I published my book with Lulu.com, a print-on-demand service, and I highly recommend it. Here's a video of a panel discussion about using this new technology to get published, created by Stacey Cochran.
One of the things that bothers me about Hillary Clinton is that she rarely reveals much humor in public. She comes across as "too serious" and "too perfect," and therefore it's difficult to relate to her. Her public persona reminds me of Al Gore's public persona in the 2000 campaign -- too scripted, too stiff, too repetitive and too predictable. I wonder if this is one reason many people just don't like her. They think of her as a humorless, controlling and intrusive school marm, a battle ax, as tough as a Marine, all work and no play.
The only sitting senator in modern times to win election to the presidency -- John F. Kennedy -- had a great sense of humor and wit, which is part of what charisma is all about. Al Gore has a strong sense of humor, but it didn't come through much in the 2000 campaign. I submit that if Hillary is going to win in 2008, she'll have to show more humor and wit in public.
Here are two examples that illuminate Hillary's humor. It's interesting that she agreed to take on "this role" in a video for the New York Legislative Correspondents Dinner -- a gathering in which politicians traditionally try to make fun of themselves -- so she was trying to be a good sport. I'm reminded of the hilarious video, "The Final Days," that President Clinton starred in in 2000 in which he made fun of himself. I'm not sure this one will be as image-enhancing and successful in terms of presenting a self-deprecating and likable persona.
Shortly after she announced her candidacy, Hillary revealed a spontaneous sense of humor (briefly). It's interesting -- and annoying -- to see how the media twisted it. The danger in being relaxed and unscripted, showing humor and wit in public is that it can be misinterpreted, and a candidate is considered "off-message," spends a day or more of the news cycle explaining and/or apologizing.
Not to sound like the old fogey I accused my parents of being, but in watching the raw innocence of this video-clip of Herman's Hermits singing "Mrs. Brown" in the 1960s, I'm appalled by the contrast to what my nine-year-old son is exposed to from popular culture. He popped into the CD player the other day Candy Shop, by 50 Cent, which was nominated in 2006 for best rap song, and one might therefore presume it's not x-rated. But check out the words. Our kids simply are not protected enough.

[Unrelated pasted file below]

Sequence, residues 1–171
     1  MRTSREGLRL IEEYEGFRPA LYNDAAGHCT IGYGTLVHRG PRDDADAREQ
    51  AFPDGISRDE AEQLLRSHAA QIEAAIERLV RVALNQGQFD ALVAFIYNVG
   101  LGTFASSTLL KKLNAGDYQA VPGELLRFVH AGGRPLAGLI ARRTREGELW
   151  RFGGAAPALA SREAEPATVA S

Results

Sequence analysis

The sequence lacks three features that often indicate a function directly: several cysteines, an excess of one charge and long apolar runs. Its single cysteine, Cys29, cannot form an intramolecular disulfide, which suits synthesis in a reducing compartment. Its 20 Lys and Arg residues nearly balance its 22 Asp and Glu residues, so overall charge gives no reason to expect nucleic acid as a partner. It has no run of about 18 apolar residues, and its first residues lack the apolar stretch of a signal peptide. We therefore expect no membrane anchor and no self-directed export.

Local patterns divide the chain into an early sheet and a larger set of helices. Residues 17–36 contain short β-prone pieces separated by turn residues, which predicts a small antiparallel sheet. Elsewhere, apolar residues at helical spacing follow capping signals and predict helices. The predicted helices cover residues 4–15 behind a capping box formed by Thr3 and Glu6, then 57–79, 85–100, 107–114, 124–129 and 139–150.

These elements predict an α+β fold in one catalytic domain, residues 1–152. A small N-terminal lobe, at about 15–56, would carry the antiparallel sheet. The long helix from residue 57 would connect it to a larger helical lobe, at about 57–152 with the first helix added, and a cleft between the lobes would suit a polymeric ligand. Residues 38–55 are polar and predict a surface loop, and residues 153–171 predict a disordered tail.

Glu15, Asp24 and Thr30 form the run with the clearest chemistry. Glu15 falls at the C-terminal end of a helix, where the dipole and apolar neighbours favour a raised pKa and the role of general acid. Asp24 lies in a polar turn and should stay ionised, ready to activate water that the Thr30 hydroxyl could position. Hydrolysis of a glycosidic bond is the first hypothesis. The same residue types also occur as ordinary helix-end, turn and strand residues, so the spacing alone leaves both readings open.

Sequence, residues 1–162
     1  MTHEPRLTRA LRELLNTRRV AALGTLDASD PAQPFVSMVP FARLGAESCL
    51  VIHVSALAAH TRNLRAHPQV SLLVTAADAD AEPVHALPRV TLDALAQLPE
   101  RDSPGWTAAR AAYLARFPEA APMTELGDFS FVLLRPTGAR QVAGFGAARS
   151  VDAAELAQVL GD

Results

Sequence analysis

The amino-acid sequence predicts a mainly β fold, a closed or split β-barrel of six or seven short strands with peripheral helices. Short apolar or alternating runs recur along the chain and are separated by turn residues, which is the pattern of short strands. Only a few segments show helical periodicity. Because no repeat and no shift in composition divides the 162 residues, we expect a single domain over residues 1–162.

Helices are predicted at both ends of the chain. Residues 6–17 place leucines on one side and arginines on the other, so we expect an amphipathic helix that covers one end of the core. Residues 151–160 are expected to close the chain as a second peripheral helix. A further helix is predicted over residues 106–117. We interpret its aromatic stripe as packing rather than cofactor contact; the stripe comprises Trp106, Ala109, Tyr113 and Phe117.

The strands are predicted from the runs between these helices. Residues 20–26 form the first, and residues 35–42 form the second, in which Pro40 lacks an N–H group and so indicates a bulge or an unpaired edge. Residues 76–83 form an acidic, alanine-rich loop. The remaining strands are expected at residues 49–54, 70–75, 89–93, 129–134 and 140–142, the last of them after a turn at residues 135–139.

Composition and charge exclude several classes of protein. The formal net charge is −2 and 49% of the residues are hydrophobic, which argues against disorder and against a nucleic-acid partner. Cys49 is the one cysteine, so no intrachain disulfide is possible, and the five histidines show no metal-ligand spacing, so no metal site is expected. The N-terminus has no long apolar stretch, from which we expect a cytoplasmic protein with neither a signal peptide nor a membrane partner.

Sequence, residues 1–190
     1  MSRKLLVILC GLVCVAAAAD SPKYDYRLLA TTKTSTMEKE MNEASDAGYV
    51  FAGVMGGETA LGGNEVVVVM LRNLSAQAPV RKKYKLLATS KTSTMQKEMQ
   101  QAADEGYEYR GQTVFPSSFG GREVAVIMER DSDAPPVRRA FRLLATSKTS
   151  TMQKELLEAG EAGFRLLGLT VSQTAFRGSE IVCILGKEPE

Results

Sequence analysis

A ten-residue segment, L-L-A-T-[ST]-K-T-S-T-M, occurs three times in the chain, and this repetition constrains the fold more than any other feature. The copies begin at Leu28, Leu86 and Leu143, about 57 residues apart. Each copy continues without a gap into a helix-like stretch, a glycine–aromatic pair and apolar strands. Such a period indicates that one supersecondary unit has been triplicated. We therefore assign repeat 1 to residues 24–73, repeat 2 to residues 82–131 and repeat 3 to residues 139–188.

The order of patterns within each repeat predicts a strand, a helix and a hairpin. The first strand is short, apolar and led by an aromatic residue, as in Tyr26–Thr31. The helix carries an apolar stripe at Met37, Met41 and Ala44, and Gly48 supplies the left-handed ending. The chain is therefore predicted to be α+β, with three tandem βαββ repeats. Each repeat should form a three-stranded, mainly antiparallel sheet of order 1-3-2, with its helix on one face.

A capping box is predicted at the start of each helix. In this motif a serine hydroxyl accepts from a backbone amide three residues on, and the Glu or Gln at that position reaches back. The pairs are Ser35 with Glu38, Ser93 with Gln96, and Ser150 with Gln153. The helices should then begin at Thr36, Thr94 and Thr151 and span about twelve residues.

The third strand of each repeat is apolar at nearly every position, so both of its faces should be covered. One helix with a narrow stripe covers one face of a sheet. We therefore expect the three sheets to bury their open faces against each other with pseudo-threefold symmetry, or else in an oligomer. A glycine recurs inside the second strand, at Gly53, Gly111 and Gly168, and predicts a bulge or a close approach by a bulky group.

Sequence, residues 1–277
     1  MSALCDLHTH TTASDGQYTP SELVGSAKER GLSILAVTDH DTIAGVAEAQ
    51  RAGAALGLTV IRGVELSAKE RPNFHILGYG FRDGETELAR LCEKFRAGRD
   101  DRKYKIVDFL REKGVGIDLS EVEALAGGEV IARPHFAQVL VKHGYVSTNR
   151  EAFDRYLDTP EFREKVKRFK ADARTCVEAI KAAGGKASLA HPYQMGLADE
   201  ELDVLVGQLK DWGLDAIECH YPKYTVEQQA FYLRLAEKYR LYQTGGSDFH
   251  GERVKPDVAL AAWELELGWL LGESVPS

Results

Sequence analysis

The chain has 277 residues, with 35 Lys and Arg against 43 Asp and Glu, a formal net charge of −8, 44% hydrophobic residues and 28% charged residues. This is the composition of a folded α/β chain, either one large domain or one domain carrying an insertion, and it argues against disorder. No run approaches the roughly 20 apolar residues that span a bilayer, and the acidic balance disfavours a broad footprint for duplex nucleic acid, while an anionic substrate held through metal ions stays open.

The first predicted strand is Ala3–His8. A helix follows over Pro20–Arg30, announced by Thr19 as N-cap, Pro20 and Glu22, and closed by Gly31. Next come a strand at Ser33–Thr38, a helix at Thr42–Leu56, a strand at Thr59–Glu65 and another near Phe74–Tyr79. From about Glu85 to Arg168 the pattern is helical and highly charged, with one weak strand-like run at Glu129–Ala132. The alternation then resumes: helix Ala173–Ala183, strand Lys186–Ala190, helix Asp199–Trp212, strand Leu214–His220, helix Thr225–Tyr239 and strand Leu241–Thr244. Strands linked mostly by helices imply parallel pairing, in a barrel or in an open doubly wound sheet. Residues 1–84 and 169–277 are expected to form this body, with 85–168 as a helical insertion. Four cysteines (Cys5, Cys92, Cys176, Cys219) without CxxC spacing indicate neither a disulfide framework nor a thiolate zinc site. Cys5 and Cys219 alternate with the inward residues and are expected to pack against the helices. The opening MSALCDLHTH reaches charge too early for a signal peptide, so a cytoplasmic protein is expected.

"In Teens' Media, Chocolate-covered Lust," by Jane Brown, a professor in the School of Journalism and Mass Communication at UNC-Chapel Hill. "The media rarely depict the realities of love or sexually healthy behavior. The three C's are missing: Commitment, Contraceptives and Consequences."
While I’ve thought a lot about how the Democratic candidates stack up, I haven’t thought much about the GOP candidates. Their race may actually be more interesting, if Hillary locks up the Democratic nomination early. Their faces are obviously fresher than Hillary’s and Edwards’, for what that is worth, if anything. Romney, John McCain and Rudy Giuliani each have some cross-over appeal, and haven't (yet) pandered to the traditional Republican base of NRA members and religious right activists. At this stage, I don’t have a visceral negative reaction to any of the Republican candidates. It seems they all have a reputation as “Republican lite.” They were by national GOP standards liberal or maverick. If George Allen was running, he would be easy to detest. But the three I mentioned, plus Sam Brownback, one can find common ground with. It does seem that each of the GOP candidates has serious negatives, however. McCain and Guiliani, with their multiple marriages and divorces, history of supporting gun control, and (in the case of Giuliani), strong support for abortion rights, not to mention their strong support for the unpopular war in Iraq, will have difficulty engendering enthusiasm in the Republican base, I'd imagine.